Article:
FIFA 12 – XBOX 360 –
Despite having taken me almost two hours to learn and understand the various controls utilized by the FIFA video game, I was proud of myself for this being the first week I explored games beyond the ‘simple’ realm. The first week I wrote about the business world of gaming and my limited knowledge, the second board games, and last week (third), some of the most basic games and their genres on sites like Addictinggames.com.
This week, it is more than time to step it up. So, I will be candid and say that humbling as it may sound, my very first ACTUAL video game on a semi-modern game system, in this case XBOX 360, was the soccer-fueled FIFA 12.
The interesting thing about this game and sports games in general is their ability to be casual, while at the same time combining many of the other genres which we have spoken about, discussed, and perused on this blog.
The fast paced nature of creating alternate and virtual realities is reflected in shooting and strategy games, in racing and fast-paced medieval-themed games, and it is certainly omnipresent in such games as some of the modern day sporting games of our generation.
FIFA 12 features 29 licensed leagues from 22 countries. Twenty two different countries. That is an astounding accomplishment, given that the last time I played a sports game, it was the black and white Gameboy’s NBA game which boasted in guerilla marketing campaigns that it contained a whole eight NBA teams. (I also typed half of my papers in high school on a Smith/Corona typewriter – I never claimed to be normal.)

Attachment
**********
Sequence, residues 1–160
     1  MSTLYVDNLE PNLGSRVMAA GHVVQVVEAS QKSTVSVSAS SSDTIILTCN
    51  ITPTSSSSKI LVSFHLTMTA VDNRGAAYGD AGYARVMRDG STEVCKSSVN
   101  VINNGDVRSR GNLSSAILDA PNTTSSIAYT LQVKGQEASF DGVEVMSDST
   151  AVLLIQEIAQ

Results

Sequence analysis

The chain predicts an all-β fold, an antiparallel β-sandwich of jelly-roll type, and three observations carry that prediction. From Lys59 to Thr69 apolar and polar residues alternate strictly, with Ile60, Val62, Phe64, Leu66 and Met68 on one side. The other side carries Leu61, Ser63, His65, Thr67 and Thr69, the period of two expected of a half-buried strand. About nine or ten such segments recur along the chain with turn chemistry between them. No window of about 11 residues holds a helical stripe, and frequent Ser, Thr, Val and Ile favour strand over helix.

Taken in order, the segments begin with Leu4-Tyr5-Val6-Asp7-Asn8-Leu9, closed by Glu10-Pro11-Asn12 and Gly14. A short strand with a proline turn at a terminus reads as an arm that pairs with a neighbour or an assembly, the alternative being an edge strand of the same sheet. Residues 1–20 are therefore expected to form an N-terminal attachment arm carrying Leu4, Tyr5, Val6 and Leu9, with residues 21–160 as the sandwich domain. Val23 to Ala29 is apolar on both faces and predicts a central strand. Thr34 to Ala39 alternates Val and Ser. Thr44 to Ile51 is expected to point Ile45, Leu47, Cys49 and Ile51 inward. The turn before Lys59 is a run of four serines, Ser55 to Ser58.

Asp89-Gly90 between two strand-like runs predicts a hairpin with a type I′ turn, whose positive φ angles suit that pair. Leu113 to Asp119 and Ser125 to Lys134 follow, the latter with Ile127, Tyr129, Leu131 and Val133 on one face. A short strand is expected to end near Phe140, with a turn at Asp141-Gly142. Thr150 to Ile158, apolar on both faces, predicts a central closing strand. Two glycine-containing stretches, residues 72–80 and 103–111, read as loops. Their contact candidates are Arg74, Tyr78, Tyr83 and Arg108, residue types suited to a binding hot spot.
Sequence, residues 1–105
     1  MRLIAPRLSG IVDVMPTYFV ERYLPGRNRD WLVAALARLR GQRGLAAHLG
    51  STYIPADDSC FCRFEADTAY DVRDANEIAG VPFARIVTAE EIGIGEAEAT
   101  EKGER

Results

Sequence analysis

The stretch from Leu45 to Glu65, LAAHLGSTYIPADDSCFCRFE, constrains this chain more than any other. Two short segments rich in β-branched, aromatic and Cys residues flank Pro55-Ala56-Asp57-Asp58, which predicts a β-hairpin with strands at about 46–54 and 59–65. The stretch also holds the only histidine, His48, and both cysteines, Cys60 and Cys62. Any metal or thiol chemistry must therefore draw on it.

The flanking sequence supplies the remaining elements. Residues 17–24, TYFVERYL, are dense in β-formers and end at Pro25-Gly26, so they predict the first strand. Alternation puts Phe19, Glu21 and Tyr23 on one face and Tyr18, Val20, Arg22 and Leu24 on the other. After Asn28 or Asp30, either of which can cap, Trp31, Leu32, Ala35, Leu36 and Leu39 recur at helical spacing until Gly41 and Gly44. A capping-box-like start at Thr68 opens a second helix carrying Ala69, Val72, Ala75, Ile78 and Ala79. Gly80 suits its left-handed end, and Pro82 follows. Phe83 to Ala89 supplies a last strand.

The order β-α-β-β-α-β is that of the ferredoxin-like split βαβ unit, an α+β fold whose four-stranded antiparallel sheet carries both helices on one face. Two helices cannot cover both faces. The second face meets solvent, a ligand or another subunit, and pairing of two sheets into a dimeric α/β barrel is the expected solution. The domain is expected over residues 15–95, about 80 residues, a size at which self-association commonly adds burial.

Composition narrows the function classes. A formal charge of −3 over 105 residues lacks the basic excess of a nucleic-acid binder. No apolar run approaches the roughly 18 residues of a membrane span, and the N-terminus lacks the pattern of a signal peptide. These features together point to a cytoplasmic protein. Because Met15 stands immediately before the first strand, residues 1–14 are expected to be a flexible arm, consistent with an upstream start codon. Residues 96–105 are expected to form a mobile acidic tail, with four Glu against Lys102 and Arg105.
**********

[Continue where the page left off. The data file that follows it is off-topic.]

That being the case, and given that I’m not a sports fan and know hardly anything about soccer, I was enthralled by the video game. A number of different national covers are used. Most of them depict either Manchester United front-man and England striker Wayne Rooney, along with Los Angeles Galaxy stars. This usage of real-life people, including announcers and commentators lends a practicality that other games, including non-sports games could benefit from.
What do you think would be the result if a virtual reality game with specific and direct intent at provoking a social or political issue included narration or some form of audio track from a political or other prominent national figure?
Would a game carry more weight if it included heavy computer-generated animations, along with computer-generated score, and a generic or once again computer-generated voice; or would President Barack Obama or Secretary of State Clinton’s voice, along with less-pixelated images lend themselves to a more believable, and ultimately more successful video game?
In tying this sports game back into the loop, and into the larger narrative of these virtual reality games, particularly those with social or political intent, the fast-paced nature of a sports game which includes some of the biggest names, voices, and CHARACTERS in the industry serves itself to make the game even more fast-paced. The game is successful not because, as critics have noted, ‘people like the sport, they like to watch, so they like this game,’ but because it lends itself to adding a dimension towards an already-familiar concept – an interesting ‘mechanisms’ in gaming.
I’m just proud I put down the black and white Gameboy, and actually tried.